The "value of life"
Values do pertain to "life" - by definition - but there is no such thing as "the value of life". Life is a prerequisite for ANY discussion of value or morality. We can no more ask why we value life (or death) than we can ask why we use logic. We have no choice but to use logic and we have no choice but to be alive. There is no such thing as "being dead", and there is no "choice", therefore no value and no moral judgment, attached to life.
The Christian, on the other hand, is stuck with life as a choice, because he believes there is more than biological life. So why does the Christian "choose life" (i.e. to be alive) ? It is because of the afterlife belief itself that the Christian is stuck with an intractable problem. He cannot use the same standard as he believes in an afterlife, and whatever theistic standard he uses to validate it has to be circular, because all theistic standards are circular (validity of the Bible, personal revelation, personal experience, evidential theology).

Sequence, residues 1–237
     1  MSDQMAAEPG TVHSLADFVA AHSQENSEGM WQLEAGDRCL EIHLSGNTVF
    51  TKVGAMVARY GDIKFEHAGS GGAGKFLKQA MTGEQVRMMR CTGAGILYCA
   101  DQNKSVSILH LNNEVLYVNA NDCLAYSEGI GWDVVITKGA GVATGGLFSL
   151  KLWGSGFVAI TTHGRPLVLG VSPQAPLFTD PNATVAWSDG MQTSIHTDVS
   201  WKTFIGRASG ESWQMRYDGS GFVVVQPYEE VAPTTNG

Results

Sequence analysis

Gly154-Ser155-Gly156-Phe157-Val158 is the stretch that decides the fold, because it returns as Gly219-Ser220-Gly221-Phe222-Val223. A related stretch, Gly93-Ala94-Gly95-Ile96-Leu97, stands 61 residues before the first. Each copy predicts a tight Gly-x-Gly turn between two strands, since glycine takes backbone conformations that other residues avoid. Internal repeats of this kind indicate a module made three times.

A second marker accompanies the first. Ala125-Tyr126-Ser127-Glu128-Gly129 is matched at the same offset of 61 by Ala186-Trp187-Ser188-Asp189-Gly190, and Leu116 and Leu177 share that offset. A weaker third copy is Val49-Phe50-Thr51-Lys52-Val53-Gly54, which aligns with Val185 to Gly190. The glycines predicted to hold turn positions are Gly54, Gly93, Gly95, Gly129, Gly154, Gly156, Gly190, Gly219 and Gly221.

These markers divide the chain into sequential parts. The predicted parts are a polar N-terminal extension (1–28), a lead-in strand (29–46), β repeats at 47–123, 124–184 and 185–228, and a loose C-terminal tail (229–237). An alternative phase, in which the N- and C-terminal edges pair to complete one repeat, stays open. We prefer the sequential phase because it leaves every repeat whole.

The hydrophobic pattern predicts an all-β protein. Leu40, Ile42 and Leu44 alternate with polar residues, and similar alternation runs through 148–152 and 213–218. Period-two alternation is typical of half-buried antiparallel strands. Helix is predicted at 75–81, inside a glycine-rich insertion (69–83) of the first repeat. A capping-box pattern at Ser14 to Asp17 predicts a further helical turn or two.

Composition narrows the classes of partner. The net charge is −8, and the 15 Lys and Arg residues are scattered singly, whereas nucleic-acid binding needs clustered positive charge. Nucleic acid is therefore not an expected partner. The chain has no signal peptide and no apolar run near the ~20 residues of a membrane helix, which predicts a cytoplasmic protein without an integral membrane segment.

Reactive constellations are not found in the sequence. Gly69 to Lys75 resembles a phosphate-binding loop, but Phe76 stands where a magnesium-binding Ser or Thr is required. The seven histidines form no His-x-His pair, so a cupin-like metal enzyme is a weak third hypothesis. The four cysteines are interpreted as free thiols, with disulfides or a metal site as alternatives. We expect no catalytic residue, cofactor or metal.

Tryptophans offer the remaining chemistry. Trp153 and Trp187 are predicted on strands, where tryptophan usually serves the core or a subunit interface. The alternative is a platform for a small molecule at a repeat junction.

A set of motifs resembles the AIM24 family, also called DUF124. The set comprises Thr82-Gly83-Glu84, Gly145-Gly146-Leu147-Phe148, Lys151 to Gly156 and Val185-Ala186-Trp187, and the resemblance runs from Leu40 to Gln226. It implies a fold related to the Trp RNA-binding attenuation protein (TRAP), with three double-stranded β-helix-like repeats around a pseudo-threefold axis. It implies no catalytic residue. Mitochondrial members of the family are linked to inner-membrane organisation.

This does not mean that, as Gene Cook tried to argue with me on his message board, that suicide should always be encouraged, or that we should not have this or that value. These are moral issues, and life itself is not a moral issue, so we cannot answer one by using the other. We choose to value this or that part of life, or to encourage our friends to commit or not to commit suicide, but once again we do not choose to be alive or dead.
This conclusion, however, also applies to relativists who ask us to justify our basic adherence to life-affirming principles as objective. Our values are necessarily life-affirming because that is by definition all that we can have needs (and ergo, values) about. So in saying this, the relativist is in fact saying nothing at all. It is not the fact that we value something about life, but rather what we value most in life, that should surprise us.